You can summon Bloody Mary anytime, but Halloween is THE time. Some urban legends have Bloody Mary as one peeved witch from the Salem witch trials come to seek her revenge, others say she’s Queen Mary I of England, royally upset with her inability to have children and taking it out on precocious brats taunting her.

Chant “Bloody Mary” in front of a mirror while staring at your reflection, in the dark preferably. She may bloody, but she’s certainly not happy. Depending on the version you were given, when Mary appears, she may pull you across the mirror with her or simply possess you.

4. Bloody hook Halloween

This one’s almost too embarrassing to even type. Why? It’s SO NOT scary (at least now, in retrospect.) But back in the ‘70s and ‘80s this tale of the man with the hook had us all saying hell to the naw.

The used to be an urban legend about a scary man with a hook for a hand who caught two kids canoodling in a car on Halloween.

Credit: Giphy

A young couple has snuck off to a remote area for some canoodling in the backseat of a car — cause that’s how us old folks phrased it in the way back, The couple is suddenly interrupted by a screech, screech, screech. Whatever could that be? Why it was a scary man with a bloody hook clawing at the side of the car window.

The man with the hook eventually busted through the window and made short shrift of the naughty teens.

Credit: Giphy.com

5. Campus Halloween Murders

A psychic — way back in the day it was Jeanne Dixon — foretold mass murder on campus on Halloween. Versions of this tale have the psychic making the prediction on an unaired “Montel Williams” or “Oprah” show.

Up to 20 college women were going to die at the hands of someone costumed like Bo Peep or wearing a Scream mask with an ax, hatchet or knife. This would happen on a Big 10 or Big 12 campus. Or a Florida college. Or a school that started with an M or W or with the school colors orange or black or by some railroad tracks or a pond, lake or river.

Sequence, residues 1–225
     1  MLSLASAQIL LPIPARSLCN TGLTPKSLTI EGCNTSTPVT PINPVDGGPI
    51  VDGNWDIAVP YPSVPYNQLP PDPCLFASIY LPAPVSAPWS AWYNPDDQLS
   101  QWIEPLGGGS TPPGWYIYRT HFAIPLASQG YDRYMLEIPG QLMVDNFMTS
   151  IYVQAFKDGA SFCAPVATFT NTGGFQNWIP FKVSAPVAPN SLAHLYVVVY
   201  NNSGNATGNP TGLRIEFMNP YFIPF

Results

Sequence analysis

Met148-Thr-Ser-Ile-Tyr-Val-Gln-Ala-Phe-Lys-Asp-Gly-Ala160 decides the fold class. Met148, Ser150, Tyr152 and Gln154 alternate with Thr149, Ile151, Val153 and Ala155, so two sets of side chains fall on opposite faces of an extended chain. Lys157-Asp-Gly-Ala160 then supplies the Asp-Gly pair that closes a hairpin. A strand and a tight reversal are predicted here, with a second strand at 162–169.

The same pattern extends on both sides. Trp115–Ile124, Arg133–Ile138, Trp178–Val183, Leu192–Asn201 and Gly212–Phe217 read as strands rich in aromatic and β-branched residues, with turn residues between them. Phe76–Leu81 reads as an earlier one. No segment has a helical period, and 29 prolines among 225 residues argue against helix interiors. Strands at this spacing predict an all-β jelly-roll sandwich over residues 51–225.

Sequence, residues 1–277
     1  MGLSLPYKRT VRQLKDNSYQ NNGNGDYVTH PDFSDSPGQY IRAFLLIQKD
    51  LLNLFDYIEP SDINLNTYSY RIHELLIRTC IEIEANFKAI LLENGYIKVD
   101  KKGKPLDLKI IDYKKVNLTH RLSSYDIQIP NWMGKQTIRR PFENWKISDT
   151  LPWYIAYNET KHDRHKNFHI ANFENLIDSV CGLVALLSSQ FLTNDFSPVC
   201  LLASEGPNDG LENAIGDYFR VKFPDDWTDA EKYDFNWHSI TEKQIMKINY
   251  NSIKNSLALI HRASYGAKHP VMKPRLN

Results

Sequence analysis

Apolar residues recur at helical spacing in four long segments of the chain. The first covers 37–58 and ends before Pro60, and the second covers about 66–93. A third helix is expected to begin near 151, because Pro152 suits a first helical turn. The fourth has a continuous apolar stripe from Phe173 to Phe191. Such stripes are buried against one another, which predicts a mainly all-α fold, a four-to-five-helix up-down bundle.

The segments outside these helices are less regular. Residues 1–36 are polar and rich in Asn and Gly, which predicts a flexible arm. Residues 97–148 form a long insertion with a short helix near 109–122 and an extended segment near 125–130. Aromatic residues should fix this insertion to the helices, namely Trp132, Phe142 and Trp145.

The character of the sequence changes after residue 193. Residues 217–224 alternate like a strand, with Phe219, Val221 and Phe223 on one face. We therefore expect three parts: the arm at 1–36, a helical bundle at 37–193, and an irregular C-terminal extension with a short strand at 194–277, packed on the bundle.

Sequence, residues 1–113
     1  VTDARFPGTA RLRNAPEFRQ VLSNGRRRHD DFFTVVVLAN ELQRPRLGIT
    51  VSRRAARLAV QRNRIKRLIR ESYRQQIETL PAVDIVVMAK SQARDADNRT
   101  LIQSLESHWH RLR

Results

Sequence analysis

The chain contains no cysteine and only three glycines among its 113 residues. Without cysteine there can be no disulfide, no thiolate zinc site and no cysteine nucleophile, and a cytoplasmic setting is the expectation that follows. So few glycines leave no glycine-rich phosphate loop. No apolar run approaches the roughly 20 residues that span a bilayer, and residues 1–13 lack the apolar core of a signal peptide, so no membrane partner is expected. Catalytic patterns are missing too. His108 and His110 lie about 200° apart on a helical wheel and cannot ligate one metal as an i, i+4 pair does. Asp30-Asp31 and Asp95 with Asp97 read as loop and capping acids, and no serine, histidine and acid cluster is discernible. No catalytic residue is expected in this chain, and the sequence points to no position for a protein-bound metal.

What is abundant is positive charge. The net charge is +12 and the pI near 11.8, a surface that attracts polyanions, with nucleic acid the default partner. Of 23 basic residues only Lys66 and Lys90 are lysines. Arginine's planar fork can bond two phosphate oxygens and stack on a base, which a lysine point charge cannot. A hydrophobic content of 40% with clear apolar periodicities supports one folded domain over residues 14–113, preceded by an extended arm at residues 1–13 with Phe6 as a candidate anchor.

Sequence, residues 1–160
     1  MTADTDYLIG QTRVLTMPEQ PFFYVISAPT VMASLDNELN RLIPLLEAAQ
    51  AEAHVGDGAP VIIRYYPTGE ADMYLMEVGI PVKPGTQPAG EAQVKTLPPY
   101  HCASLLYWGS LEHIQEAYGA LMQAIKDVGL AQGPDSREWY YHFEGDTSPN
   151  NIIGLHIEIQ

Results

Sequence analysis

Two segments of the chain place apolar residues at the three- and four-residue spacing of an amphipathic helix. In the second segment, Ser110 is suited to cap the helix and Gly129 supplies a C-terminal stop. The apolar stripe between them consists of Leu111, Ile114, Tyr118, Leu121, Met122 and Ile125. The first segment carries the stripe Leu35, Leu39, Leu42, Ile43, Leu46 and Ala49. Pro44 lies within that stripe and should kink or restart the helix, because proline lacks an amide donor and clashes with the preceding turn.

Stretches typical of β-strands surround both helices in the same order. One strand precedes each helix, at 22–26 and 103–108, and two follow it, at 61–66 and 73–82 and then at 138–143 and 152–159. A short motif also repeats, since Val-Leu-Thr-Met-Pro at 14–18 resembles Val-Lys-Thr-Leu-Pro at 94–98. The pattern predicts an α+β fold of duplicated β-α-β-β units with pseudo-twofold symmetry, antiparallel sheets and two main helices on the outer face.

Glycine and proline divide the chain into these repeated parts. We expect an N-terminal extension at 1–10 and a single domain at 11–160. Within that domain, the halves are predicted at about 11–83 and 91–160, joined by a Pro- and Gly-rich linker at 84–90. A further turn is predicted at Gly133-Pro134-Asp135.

A listing of classic Halloween urban legends: Bloody Mary, LSD tattoos, psychic/campus murders, bloody hook, spider wig. Plus Reese's rumor.

Credit: Giphy

To recap: psychic, afternoon talk shows, co-eds, alphabet soup, colors of the rainbow, bodies of water, Bo Peep, pointy objects, murder.

This urban legend has been around since 1968 and resurfaced in 1998 according to Snopes.

Fresh urban legends

Onto some more recent urban legends that have popped up and been knocked down by Snopes and other sources

Reese’s Peanut Butter Cups gone

Right before Halloween, one of the most popular candies ever is discontinued. Nope. The story was put out by breakingnews365.net about two weeks into September, but Hershey’s assures us this was false.

Halloween Happy Meals

There was not, nor do we suspect there will ever be, a McDonald’s Happy Meal that either includes a Ouija board (as posted on Facebook in 2014) or a “The Nightmare Before Christmas” theme as was circulated around Facebook in 2015.

Prop or corpse?

This 2014 story said a 71-year-old man went undiscovered for two weeks in a haunted house attraction in Illinois because people just thought he was a prop. The story by fake news site Empire News also created the fictional story about pumpkin-spice tampons, which racked up thousands of Facebook shares, according to Snopes.

But like most urban legends, there is a grain of truth in the story in that a hanging man prop used in a fun house in 1976 did turn out to be a corpse.